One ray of hope as most of us think could be General Raheel Sharif as he comes from the family of heroes who have shed their blood for the country. But then the question arises whether even General Sharif would be allowed by the politicians or the powerful generals to purge this fateful country of the evil termites that have been decaying all pillars of the nation for decades.
Lately around 200 refugees, mainly Pakistanis, have been deported back to Turkey under an EU deal while they face a clear threat of being sent back to Pakistan, with some also facing maltreatment back in the homeland for different reasons.
It is such a dilemma that a talented and progressive nation like Pakistan is unable to improve the rights situation of their marginalized communities and non-Muslim Pakistanis.
This four-decade long radicalization of the people in the hands of hardliner clerics have killed our tolerance level to zero and we have almost forgotten our mystic trait of resolving the issues through dialogue and amicable means. Reversing this cycle of intolerance might also be an extremely painstaking task even if somebody agrees to follow this track.
We will have to convince our law enforcers to follow the tracks of a judicial process when encountering some offenders. We would also have to convince the judiciary to feel secure and independent in their decisions no matter who stands in the witness box.
But most of all we would have to convince the masses that they would have to give up this politics of lynching people in the streets because it portrays us as a vigilante nation that cannot stand difference of opinion and wants to resolves even petty issues through violence.
We will have to convince the people that Pakistanis cannot discriminate against each other in the name of caste, colour or creed.
We will have to address the reservations of Balochis, Hazaras, Ismaelis or anyone else who has a difference of opinion with the masses.
We have to teach these crazy clerics that you are doing no service to Pakistan or Islam by preaching the manslaughter of Christians, Ahmadis, Shias or Sunnis of the country.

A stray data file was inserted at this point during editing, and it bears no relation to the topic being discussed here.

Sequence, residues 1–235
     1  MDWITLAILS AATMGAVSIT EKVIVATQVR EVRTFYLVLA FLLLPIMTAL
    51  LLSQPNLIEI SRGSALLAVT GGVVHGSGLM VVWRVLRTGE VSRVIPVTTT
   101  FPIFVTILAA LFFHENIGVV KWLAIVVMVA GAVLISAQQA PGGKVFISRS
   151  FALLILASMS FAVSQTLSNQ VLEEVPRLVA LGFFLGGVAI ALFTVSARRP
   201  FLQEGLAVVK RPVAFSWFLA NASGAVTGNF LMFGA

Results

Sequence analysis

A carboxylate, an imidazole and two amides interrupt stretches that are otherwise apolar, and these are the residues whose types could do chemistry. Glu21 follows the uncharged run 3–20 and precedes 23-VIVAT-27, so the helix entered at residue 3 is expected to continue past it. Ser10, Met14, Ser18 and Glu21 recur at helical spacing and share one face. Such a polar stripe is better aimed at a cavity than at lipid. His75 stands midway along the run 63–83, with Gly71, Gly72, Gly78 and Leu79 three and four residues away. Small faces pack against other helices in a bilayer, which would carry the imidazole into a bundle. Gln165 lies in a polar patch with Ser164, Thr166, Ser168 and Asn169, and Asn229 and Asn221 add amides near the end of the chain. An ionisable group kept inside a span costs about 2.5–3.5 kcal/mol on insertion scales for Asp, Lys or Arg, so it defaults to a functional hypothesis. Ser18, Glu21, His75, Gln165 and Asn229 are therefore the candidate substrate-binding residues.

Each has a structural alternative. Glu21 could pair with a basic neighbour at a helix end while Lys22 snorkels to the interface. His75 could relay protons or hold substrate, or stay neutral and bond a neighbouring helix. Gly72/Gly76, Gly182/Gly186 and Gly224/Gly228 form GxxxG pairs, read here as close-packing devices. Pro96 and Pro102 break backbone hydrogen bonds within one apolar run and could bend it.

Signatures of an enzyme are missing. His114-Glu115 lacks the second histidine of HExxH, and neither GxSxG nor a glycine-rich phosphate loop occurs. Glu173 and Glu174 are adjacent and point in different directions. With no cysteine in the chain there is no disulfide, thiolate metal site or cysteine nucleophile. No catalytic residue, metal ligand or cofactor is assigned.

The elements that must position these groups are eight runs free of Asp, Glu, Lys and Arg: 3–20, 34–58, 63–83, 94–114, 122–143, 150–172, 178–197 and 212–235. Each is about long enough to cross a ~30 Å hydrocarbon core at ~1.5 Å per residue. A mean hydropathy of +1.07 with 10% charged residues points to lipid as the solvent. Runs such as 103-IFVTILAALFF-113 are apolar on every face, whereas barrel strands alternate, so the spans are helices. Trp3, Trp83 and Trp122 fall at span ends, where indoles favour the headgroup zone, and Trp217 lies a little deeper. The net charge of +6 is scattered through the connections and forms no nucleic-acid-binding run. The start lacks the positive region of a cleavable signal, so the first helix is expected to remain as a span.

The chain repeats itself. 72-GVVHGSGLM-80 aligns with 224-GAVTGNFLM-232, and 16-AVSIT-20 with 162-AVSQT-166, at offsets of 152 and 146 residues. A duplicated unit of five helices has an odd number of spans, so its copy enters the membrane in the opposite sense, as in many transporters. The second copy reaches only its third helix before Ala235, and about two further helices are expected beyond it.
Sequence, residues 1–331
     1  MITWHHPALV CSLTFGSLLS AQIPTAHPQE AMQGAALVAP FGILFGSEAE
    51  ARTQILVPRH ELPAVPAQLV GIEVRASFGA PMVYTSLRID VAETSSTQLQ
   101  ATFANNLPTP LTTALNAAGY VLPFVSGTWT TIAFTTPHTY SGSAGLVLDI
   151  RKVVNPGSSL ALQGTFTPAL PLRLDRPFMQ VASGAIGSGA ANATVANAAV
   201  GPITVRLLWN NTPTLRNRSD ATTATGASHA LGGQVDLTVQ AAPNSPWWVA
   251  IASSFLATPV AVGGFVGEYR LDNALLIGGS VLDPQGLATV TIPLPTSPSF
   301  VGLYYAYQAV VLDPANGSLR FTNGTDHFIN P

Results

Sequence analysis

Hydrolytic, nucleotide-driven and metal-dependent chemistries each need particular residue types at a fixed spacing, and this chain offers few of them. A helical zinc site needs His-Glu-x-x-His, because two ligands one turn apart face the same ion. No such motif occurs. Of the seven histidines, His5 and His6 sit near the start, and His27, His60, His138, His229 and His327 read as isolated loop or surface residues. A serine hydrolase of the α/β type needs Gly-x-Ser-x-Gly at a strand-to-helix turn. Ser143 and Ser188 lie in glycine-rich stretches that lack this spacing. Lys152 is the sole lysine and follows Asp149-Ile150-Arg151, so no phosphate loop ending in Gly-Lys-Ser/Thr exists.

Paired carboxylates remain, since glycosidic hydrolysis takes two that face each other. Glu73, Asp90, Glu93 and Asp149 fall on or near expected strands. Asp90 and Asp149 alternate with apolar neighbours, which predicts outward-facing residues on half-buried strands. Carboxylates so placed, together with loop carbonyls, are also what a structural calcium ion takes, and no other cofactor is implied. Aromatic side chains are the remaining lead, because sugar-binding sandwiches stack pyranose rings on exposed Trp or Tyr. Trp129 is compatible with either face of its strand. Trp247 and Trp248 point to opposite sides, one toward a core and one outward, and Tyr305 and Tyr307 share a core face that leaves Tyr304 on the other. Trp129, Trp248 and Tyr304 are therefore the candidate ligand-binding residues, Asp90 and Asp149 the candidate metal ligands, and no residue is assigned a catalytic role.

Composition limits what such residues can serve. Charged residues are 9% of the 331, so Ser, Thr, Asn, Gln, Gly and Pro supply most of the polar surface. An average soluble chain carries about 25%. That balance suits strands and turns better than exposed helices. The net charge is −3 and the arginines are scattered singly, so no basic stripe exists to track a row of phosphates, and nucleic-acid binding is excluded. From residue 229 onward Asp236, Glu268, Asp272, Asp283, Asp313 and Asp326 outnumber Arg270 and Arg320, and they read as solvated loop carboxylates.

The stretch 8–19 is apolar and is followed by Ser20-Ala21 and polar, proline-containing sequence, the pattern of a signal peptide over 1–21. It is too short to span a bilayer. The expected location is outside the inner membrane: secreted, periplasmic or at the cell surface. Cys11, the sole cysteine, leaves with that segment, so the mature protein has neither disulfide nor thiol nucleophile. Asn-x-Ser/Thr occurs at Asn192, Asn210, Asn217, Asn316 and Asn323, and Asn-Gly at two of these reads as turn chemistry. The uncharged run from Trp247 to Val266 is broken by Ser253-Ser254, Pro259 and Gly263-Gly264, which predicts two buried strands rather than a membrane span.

In fact the biggest factor contributing to the spread of the ideology of Ahmadis across the world is the vehement violence against the small community. The murder of Asad Shah in England by a fanatic is an explicit example of this phenomenon. In this case Pakistani mullahs are the biggest source of spreading Ahmadism by making them victims of their barbaric violence and making the world take pity on them despite not necessarily having any sympathies for their cause.
The West has given refuge to more Afghans, Arabs, Pakistanis, Iranians, Shia, Sunni or any Tom, Dick or Harry who comes to their land claiming that they need protection from their own people, governments or institutions than the Ahmadis.
And how does one allow persecution of the Christian or Hindu Pakistanis when they had opted to trust Muhammad Ali Jinnah and decided to live and die for this country instead of moving to India or somewhere else. Who had rewritten our founding principles and termed the non-Muslim Pakistanis as lesser beings?
Learn some lessons from the civilized world where nobody gives their minorities – be it Muslims or any other – separate pots to drink and eat. How appalling it is to fix the filthy jobs like sanitary work only for the minority groups and introduce them to your children as “choora” (outcaste).
Wake up O Pakistanis! Realize that they are your people and belong to your country. All I want is to request you to stop hurting your fellow citizens if you are really sincere with your country or faith.
Because “everything you resist persists” as Carl Jung had warned. And through violence, you earn nothing but a bad name for the beloved Pakistan.